This semester I have a leave of absence from teaching. This leave will not be a 'sit on the beach, eat bon-bon'-type leave (if such things even exist--come mid-September, I don't think there will be much beach-going in Minnesota). I have a textbook to finish, about 8 publications to write, three ongoing dissertations to advise, an NSF-funded grant to finish (including collecting data in three different languages and on two different continents), and a new grant project to get moving. My realization is that I really do work best when I have a very regimented schedule. I also enjoy the social interactions with students a whole lot. I don't think I'm unique in this respect. A whole lot of rhetoric gets thrown around about how professors just want to do their research and not work with students. I just don't see it.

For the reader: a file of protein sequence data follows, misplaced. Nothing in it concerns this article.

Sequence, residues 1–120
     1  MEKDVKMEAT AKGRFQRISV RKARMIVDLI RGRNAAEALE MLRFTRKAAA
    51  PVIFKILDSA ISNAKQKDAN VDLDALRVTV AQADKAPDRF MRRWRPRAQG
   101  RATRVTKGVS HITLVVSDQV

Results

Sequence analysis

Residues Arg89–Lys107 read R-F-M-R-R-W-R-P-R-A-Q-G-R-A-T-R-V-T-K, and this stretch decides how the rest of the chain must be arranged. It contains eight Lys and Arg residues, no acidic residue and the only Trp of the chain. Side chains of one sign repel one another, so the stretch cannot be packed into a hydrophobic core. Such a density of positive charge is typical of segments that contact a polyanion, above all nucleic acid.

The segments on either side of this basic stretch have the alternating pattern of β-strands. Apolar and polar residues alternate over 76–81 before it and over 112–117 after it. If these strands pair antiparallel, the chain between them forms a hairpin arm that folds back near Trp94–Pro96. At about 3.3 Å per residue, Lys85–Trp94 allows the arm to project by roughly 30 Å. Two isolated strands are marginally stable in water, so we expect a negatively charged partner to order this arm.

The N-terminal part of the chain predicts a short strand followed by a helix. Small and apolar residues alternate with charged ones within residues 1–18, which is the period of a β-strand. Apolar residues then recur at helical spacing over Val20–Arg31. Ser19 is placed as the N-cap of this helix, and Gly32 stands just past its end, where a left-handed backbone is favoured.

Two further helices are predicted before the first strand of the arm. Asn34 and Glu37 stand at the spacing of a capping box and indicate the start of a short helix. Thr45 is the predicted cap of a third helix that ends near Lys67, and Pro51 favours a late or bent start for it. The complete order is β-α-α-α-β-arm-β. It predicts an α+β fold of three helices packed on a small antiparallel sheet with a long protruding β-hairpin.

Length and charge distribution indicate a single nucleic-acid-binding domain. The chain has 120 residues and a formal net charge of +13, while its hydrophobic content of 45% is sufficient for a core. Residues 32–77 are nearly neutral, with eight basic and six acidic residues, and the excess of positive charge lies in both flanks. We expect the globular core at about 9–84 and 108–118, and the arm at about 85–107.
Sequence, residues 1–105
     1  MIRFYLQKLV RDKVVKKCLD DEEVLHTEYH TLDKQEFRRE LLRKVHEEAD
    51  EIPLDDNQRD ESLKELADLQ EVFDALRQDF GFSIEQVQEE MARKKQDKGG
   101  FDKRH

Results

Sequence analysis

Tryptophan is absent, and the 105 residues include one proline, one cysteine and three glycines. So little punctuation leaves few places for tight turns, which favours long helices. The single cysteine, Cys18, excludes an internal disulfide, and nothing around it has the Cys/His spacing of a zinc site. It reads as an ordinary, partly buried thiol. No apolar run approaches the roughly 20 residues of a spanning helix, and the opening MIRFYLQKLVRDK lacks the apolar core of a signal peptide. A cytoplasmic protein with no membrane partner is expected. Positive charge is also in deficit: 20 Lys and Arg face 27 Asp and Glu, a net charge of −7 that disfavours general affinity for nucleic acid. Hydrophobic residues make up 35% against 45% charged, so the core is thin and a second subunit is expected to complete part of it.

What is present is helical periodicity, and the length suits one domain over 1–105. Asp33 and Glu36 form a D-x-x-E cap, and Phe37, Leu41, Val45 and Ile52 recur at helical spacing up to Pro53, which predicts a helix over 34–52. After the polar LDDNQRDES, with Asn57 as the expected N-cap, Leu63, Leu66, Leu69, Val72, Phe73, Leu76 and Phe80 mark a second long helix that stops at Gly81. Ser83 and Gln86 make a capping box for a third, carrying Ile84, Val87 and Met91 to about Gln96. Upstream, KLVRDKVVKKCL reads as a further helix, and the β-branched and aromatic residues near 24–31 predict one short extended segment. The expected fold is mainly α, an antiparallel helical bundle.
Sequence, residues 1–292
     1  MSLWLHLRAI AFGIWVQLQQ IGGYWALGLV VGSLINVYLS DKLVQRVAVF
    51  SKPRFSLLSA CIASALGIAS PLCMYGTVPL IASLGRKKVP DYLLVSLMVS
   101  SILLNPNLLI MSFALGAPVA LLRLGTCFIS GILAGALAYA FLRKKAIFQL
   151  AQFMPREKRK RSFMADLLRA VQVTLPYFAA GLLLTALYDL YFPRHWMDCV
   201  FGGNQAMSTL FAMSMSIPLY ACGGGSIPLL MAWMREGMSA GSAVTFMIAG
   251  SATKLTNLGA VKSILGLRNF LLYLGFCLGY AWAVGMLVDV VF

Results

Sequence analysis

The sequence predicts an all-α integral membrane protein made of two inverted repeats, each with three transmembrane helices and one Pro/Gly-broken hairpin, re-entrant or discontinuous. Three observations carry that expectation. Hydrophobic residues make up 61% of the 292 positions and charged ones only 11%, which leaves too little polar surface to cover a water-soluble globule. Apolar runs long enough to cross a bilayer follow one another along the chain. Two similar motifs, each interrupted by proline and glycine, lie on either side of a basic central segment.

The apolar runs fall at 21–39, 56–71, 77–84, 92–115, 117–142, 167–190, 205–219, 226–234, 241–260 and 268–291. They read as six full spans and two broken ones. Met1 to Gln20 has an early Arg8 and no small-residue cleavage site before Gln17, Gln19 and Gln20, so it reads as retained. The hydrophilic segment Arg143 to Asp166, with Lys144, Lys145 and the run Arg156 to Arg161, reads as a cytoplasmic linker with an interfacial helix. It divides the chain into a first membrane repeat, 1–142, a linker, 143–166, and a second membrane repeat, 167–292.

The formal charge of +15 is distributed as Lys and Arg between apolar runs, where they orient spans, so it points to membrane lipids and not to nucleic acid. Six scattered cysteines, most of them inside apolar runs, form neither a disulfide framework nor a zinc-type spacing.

As promised, a haiku:
A crisp, fall-like day
reminds me that fall is the
very best season